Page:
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Please could anyone recommend a bright winter/early spring heather. I would prefer not a dark red as it is a bit of a dull corner.Thank you. Nan



Hi, Erica carnea will tolerate some shade, but not full shade, it will also tolerate alkaline soil, this isn't to say they prefer these conditions, only that they will tolerate them, but will probably not be at their best, they flower in late winter - early spring, look at the varieties; golden starlet, which has white flowers above lime green foliage which turns a glowing yellow colour in summer, springwood white, is a vigorous and trailing variety, with masses of white flowers above bright green foliage, hope these help, Derek.

4 Feb, 2014


I'd recommend all of these


Erica x darleyensis Darleydale - Shell pink - darkening with age.

Erica carnea December Red - Pink, turning darker with age.

Erica carnea Eileen Porter - Magenta pink

Erica carnea Springwood Pink - A good spreader

and these have attractive foliage

Erica carnea Foxhollow - Bronze tipped yellow - turning red tips in winter.

Erica carnea Altadena - Yellow, tipped pink then bronze.

Erica carnea Ann Sparkes - Dark gold, bronze tips.

Erica carnea Golden Starlet - Lime green foliage turns yellow in summer.

Erica carnea Leslie Sparkes - Pink and gold tips in spring.

Erica x darleyensis Ghost Hills - Light green, tipped cream in spring

4 Feb, 2014


I used to grow lots of winter flowering heathers on my plant nursery but I found the easiest and most reliable ones were erica darleyensis

4 Feb, 2014


I've just had a look back on my old growing list and these were the main ones I grew

They're all erica darleyensis

Lucie,moonshine,Jenny Porter, Furzey, George Randall, Ghost hills, JW porter.

If you do a Google image search on their names you can see what they look like

4 Feb, 2014


Wow, thank you for such an amazing response. I shall get googling straight away. Nan

5 Feb, 2014


i love the names for them, think i will be getting the Ghost Hills, George Randall reminds me of the folk song Lord Randall.

5 Feb, 2014


Could I ask another question please? I think I am going to choose Foxhollow. The area is about 2ft x 2ft 6 on a very slight slope. Do you think it is better to buy one large plant of several smaller ones. I have seen this advertised in 9cm pots but have no idea what that means of how many I would need for that area.

5 Feb, 2014


I'd go for smaller ones and leave space betrween them. They will reach a foot across eventually and join up. In the meantime you could put spring bulbs in between - snowdrops and some of the smaller daffodils would both be happy there and in summer you could fill in with bedding fibrous rooted begonias which will flower until the frosts.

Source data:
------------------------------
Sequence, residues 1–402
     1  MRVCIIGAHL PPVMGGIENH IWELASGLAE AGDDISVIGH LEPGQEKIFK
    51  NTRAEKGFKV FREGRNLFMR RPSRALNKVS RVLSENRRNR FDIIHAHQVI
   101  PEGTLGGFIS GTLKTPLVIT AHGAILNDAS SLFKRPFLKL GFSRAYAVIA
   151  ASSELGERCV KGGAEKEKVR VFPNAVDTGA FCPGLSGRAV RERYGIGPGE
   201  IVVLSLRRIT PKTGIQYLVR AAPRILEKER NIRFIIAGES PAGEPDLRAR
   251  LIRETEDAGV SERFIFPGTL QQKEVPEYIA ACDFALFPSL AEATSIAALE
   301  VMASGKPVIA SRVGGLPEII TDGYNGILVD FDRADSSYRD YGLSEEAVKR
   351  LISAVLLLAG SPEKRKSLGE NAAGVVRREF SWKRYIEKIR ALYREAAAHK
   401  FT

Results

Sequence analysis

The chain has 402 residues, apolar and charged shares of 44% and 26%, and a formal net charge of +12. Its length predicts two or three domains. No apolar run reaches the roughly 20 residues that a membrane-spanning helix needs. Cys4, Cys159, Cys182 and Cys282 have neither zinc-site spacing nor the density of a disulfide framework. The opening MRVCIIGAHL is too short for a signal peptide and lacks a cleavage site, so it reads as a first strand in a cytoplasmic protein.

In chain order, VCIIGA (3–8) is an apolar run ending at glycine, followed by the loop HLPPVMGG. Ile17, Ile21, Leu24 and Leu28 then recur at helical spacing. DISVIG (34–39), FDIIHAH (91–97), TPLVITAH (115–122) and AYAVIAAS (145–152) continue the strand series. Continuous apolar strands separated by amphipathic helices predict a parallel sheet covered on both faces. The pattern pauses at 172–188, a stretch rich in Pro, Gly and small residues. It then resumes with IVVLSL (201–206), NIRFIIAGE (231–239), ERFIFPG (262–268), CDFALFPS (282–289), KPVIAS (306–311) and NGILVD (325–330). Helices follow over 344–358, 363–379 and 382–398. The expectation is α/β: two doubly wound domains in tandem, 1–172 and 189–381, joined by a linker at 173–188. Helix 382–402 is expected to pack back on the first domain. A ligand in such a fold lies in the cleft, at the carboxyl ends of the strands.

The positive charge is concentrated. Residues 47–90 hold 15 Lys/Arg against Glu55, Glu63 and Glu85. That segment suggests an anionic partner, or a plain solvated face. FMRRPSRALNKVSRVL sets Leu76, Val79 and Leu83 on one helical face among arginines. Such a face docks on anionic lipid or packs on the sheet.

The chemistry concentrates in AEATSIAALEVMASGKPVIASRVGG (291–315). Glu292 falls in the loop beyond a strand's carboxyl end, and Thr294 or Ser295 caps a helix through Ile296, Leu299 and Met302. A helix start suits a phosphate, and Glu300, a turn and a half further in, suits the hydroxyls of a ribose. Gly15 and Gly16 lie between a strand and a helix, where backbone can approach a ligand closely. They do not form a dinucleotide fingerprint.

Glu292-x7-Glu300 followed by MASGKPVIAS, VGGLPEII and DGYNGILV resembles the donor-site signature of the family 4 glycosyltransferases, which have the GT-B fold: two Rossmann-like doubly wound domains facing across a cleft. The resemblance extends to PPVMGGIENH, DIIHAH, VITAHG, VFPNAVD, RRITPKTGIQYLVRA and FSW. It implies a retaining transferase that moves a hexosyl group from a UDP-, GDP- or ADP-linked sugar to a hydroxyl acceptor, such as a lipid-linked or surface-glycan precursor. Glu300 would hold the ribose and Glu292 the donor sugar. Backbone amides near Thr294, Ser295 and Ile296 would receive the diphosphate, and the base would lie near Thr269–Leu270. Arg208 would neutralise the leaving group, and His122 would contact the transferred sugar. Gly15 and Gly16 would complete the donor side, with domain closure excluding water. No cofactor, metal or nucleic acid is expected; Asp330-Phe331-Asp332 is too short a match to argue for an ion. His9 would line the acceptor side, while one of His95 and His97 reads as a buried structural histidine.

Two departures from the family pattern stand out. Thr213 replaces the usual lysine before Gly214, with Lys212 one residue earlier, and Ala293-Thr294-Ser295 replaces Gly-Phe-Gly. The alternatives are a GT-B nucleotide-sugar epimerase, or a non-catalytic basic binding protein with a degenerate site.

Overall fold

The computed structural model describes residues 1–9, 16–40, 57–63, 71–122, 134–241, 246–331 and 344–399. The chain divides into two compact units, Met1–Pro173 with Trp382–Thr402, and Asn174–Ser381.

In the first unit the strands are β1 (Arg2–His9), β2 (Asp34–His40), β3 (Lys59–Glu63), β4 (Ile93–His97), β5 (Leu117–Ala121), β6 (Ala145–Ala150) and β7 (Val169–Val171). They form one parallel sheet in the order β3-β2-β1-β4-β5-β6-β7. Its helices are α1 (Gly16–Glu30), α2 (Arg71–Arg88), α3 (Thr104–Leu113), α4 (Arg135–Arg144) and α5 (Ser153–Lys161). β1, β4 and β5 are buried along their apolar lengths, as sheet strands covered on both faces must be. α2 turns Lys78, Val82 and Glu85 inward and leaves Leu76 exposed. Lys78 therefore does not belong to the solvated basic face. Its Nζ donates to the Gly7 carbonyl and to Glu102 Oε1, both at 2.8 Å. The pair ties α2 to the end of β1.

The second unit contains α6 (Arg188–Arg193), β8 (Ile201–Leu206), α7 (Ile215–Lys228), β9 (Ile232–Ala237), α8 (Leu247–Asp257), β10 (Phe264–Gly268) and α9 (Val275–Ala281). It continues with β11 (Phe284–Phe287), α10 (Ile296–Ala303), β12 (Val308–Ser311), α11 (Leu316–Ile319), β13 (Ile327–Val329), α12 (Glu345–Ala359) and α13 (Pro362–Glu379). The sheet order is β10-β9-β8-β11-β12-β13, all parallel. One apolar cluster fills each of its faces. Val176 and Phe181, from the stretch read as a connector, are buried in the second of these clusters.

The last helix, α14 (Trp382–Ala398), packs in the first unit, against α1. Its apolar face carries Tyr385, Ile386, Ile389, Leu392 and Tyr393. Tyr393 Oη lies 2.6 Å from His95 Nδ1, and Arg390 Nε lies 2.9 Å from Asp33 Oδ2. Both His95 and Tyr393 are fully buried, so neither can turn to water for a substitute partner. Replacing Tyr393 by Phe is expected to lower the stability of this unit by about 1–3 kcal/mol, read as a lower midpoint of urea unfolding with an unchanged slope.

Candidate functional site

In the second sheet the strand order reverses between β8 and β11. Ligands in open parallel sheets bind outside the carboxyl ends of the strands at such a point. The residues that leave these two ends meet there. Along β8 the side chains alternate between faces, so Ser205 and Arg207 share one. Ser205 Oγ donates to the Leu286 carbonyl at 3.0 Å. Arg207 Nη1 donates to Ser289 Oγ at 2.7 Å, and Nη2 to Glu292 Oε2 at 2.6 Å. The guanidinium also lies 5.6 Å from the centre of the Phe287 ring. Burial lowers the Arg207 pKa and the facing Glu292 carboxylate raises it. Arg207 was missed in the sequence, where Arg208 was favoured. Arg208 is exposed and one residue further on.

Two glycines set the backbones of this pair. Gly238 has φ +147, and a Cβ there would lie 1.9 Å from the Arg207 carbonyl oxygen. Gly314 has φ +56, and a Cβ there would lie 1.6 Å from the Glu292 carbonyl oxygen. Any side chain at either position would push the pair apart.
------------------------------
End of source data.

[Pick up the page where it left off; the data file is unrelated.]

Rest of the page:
Another heather you might like is Pink spangles. Just have a look in yhour local nursery and see which you like. 9cm is quite big enough and five plants would be plenty if you can leave time for them to gorow! I buy them smaller than that.

5 Feb, 2014


Thanks Steragram, that sounds like a good idea.

5 Feb, 2014


Just to say that many winter flowering heathers can reach much more than a foot across. I've several in my customer's gardens that reach 3-4 feet across and would get bigger if I didn't trim them every year or two.(They're very easy to keep to size... just clip off all flowering growth just before the plant finishes flowering in spring.... do not cut back into stems with no leaves as heathers will not regrow from those... water well until established.. if a heather gets completely dry once it will die.

So one in a 2 foot square area will be fine if you're prepared to wait a few years . otherwise I'd suggest 3 9cm pot ones which will probably have grown together in about 3 years

These are all erica darleyensis and are about 4 feet across today (photo taken in 2009 when they were about 30 inches across )

On average I'd estimate that once established they grow 3-6 inches in diameter each year

5 Feb, 2014


I trim back my winter flowering heathers when the flowers go back as it keeps the plant nice and tight otherwise they can get too tall and or straggly.

6 Feb, 2014


I did hesitate about suggesting five Anchorman, but it take some years for them to get as big as four feet and I thought Nanniji might want a quicker result. You can always remove any that get too big and as you say they are easy to trim to size.

6 Feb, 2014



7 Feb, 2014


thanks everyone.

7 Feb, 2014

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